GPEAN

Global Planning Education Association Network (GPEAN)

AESOP is one of the nine planning schools associations that currently form the Global Planning Education Association Network (GPEAN). GPEAN was established in the wake of the first World Planning Schools Congress in 2001 in Shanghai. Leaders of ten (The Indonesian Planning Association did sign the original Shanghai statement but did not ratify the GPEAN charter in 2003. The charter was only endorsed by 9 organisations) regionally operating planning schools association agreed to put in place structures that would help facilitate greater communication and cooperation amongst these organisations signing a statement now known as Shanghai Statement.  This statement was subsequently endorsed by the following nine associations in a formal manner.

  1. AESOP - Association of European Schools of Planning
  2. ACSP - Association of Collegiate Schools of Planning
  3. ACUPP - Association of Canadian University Planning Programs
  4. ANPUR - Associação Nacional de Pós-graduação em Planejamento Urbano e Regional
  5. ALEUP - Association Latinamericanas de Esquelas de urbanismo e Planeacion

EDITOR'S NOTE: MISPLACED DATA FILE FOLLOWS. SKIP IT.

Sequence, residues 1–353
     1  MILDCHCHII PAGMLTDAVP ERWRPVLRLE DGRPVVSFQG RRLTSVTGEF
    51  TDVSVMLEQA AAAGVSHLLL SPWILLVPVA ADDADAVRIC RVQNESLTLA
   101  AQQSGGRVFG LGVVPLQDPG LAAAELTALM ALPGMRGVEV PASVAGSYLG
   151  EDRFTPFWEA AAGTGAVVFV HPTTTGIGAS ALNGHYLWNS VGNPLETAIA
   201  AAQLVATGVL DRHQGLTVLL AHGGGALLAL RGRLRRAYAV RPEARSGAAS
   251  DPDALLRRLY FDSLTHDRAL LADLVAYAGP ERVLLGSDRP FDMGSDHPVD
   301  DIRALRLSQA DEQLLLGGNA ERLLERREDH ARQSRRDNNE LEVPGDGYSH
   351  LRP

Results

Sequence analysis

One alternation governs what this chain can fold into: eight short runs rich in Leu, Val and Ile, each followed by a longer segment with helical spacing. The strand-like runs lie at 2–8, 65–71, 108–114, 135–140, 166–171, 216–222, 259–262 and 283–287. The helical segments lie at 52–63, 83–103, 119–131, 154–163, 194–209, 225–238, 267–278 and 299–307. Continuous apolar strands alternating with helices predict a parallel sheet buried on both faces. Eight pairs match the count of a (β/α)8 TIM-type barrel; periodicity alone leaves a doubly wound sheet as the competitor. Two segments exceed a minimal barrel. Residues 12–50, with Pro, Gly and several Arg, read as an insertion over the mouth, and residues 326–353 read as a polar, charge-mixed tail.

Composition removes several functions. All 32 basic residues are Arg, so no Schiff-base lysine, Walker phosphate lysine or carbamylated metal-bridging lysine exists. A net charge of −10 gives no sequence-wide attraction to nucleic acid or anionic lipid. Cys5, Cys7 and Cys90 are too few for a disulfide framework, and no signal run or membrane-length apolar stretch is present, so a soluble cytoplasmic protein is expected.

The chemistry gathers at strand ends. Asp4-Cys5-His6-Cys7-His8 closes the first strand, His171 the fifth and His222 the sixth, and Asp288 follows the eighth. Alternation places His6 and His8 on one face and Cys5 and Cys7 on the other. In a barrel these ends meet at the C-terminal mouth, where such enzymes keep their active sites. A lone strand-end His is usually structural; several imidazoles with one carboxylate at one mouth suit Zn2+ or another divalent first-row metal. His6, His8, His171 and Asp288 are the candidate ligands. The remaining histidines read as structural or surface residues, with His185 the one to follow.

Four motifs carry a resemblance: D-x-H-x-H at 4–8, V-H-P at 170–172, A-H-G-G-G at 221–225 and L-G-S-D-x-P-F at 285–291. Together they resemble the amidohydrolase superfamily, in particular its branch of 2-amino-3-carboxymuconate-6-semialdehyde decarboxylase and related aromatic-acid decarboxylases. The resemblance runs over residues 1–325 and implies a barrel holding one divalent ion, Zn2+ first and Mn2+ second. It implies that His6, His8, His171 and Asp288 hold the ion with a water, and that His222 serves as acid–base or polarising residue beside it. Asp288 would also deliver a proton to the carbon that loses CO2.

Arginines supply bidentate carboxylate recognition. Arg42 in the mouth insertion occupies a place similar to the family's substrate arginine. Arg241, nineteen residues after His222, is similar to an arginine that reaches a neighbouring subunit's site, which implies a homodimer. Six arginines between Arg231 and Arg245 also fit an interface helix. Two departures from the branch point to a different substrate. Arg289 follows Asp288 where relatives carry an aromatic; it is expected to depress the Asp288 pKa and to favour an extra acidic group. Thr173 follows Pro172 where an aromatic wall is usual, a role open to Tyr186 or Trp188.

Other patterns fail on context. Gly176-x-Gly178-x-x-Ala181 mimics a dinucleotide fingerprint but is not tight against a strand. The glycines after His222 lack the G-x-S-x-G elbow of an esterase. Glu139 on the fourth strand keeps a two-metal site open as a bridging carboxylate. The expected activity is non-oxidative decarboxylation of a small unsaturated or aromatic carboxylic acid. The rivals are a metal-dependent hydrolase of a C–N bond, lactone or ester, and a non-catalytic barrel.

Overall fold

6. APERAU - Association pour la Promotion de l'Enseignement et de la Recherche en Aménagement et Urbanisme
  7. AAPS - Association of African Planning Schools
  8. APSA - Asian Planning Schools Association
  9. ANZAPS - Australian and New Zealand Association of Planning Schools


AESOP has had a leadership role in establishing the Network and throughout its 10 year history. For example, GPEAN first met as a network in Volos Greece in July 2002 in conjunction with the AESOP Congress and the networks charter was ratified in 2003 by the presidents of the nine member organisations.

Subsequently GPEAN has organised 2 further World Planning Schools Congresses (Mexico 2006; Perth 2011) and has initiated a number of international projects and activities that are aimed at improving planning education and the visibility of the planning profession.

One of GPEANs activities is the compilation of the Dialogues in Urban and Regional Planning book series which features seminal articles published by members from the nine planning schools associations. The network is currently working on the fifth book of the series.

Another project was the development of a world-wide inventory of planning schools and courses which led to a chapter and evaluation of the status of planning education provision in the 2009 Global Report on Human Settlements by UN Habitat: Planning for Sustainable Cities (Earthscan, chapter 10).